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Listening to art. Playing with audio. Sounding out technology. Composing in code. Rewinding the soundscape.

A Little Turret Music (Portal 2 MP3s)

For all the benefits of free music, something celebrated here on almost daily, it’s hard not to read some free offerings as a reflection on relative cultural status. The Grammy Awards, in its not uncontroversial recent revamp, finally added a video-game-score category, while doing away with numerous other genre-specific awards (the latter move having many calling foul). Yet it’s not like these scores are doing particularly big business — at least not as recorded standalone fixed artifacts. As part of the ensemble creativity that goes into video games, they are an essential and largely overlooked component of interactive media. But when a property like Bioshock puts its full score online for free, as it did back in 2007, and as now Portal 2 has also done, it’s hard not to sense that the companies doing so know that the artifacts are just that, shards of experience.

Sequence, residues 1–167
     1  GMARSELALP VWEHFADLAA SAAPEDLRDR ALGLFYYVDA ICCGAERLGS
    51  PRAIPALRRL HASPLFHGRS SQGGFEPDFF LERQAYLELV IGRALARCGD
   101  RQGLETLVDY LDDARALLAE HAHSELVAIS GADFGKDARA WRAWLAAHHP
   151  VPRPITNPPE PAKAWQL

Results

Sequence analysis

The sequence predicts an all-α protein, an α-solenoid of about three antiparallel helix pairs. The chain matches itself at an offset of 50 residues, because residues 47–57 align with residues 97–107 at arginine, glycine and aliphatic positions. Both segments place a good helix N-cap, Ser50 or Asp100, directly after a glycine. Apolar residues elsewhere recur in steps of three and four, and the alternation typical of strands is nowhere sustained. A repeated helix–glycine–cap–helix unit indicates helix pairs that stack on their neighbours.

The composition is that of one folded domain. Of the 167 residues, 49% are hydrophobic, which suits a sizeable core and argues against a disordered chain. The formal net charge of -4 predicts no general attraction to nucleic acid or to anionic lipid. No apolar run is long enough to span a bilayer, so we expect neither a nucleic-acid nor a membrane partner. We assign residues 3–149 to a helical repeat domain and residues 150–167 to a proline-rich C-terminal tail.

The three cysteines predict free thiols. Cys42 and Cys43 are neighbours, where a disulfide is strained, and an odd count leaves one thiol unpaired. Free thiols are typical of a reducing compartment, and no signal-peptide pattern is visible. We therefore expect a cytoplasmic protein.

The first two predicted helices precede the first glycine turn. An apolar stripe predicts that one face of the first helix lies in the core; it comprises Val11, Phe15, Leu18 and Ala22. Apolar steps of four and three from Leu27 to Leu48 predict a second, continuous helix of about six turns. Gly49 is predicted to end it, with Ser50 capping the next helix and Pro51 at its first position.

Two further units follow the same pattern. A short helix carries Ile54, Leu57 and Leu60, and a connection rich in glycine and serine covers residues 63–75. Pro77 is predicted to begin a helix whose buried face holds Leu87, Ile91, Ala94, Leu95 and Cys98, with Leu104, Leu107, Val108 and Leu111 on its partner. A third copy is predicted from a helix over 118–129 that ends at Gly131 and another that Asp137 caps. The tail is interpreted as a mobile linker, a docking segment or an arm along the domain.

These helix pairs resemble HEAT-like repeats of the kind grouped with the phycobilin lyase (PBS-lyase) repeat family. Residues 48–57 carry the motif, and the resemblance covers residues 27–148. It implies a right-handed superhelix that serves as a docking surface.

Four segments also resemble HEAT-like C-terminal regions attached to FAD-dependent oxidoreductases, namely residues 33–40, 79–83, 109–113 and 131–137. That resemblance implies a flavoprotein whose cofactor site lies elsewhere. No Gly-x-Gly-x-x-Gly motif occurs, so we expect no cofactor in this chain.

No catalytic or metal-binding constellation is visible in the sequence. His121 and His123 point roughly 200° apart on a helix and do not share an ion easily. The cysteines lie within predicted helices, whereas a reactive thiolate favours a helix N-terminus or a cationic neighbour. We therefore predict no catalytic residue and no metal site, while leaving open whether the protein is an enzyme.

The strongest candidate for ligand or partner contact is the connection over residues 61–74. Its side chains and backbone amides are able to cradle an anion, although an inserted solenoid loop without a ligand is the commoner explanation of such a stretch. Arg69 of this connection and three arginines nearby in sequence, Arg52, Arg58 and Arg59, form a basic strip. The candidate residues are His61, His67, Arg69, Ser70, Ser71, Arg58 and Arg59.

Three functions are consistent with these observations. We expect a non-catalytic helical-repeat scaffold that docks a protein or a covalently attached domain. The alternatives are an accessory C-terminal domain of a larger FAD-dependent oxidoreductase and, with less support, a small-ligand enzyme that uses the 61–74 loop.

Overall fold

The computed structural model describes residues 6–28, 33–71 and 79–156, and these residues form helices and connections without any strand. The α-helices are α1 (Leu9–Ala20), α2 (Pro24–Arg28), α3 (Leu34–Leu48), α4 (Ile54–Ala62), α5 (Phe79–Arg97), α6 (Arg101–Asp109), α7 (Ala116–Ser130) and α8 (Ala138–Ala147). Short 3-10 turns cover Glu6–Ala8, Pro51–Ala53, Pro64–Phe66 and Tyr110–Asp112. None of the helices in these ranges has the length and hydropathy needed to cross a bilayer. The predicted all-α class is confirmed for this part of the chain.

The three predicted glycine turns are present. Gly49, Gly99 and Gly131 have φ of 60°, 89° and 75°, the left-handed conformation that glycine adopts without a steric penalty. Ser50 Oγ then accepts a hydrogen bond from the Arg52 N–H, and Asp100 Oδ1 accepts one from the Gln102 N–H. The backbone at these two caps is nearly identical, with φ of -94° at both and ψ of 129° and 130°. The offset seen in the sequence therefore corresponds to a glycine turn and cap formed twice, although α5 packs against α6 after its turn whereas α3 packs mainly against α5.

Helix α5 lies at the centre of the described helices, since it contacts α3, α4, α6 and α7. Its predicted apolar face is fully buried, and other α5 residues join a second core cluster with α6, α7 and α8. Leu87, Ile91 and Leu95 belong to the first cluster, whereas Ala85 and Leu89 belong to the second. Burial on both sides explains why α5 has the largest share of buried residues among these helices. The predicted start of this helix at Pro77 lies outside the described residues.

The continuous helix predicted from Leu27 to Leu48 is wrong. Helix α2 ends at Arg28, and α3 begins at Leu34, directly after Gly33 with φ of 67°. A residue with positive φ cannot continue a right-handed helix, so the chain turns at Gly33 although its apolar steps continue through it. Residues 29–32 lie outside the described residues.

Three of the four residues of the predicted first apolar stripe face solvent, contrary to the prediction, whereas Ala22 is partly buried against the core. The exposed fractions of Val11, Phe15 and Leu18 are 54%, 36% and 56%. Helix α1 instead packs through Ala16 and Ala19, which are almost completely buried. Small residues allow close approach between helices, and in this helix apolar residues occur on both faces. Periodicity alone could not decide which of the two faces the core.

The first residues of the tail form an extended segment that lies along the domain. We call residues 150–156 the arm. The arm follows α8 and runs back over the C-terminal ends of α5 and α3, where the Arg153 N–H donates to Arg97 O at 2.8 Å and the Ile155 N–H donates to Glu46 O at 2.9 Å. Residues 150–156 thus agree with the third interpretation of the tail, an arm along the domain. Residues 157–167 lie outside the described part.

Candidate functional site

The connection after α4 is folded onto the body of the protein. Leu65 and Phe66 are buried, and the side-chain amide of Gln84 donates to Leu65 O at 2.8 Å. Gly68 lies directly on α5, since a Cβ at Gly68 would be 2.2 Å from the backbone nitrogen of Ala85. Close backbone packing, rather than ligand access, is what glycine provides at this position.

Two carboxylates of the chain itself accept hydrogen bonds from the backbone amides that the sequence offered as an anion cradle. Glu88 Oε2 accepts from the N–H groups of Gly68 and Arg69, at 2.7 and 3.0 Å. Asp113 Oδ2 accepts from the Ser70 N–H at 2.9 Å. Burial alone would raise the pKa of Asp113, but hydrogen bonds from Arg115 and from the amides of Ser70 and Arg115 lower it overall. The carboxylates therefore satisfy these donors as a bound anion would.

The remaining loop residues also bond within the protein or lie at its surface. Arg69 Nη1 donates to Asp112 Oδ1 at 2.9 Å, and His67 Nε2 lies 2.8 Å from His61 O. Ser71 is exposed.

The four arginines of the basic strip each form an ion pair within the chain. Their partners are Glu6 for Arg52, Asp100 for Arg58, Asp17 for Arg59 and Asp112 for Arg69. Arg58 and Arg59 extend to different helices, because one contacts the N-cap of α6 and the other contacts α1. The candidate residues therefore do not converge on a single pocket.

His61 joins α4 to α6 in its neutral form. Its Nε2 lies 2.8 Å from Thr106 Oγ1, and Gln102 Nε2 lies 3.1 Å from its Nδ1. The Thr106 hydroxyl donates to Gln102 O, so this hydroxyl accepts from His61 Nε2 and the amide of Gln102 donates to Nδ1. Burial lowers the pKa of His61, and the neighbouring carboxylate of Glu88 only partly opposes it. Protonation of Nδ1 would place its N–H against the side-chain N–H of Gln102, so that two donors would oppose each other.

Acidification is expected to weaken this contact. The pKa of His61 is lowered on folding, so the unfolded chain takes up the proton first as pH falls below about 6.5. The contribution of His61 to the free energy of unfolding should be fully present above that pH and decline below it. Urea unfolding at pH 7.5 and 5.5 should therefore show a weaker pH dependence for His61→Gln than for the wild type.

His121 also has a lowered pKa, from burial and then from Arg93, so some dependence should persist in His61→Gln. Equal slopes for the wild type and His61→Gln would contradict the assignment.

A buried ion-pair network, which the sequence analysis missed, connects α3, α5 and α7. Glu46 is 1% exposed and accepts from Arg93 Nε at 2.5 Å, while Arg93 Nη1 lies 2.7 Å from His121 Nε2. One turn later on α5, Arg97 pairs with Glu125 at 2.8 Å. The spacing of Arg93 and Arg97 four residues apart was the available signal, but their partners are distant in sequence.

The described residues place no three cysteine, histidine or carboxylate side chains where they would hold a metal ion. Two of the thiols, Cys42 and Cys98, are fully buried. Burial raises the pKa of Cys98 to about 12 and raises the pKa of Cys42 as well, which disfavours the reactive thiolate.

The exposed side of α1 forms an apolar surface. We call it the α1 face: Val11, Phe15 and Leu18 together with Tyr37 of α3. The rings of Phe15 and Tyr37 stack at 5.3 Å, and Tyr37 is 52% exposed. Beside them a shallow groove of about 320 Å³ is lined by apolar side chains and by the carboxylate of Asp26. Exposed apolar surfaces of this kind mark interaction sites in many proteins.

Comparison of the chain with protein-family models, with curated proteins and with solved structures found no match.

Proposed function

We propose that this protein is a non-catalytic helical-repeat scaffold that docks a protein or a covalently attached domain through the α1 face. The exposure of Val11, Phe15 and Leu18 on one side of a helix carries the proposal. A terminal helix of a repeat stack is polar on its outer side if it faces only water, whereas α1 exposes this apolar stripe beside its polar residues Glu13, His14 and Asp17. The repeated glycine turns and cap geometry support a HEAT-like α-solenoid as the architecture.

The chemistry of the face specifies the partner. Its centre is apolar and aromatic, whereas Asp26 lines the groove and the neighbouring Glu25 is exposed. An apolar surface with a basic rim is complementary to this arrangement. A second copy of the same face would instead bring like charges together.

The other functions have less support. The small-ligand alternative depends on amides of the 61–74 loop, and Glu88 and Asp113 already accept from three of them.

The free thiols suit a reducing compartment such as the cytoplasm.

A formal game score release is as much a parody of a movie score as it is a parallel. Music in video games by and large doesn’t progress the way it does in a film — it shifts according to how the game play proceeds, and that is based almost entirely on decisions made by the player. Thus, the game score lacks not just the visuals, but the sense of user-directed flow, the manner in which play directs causality.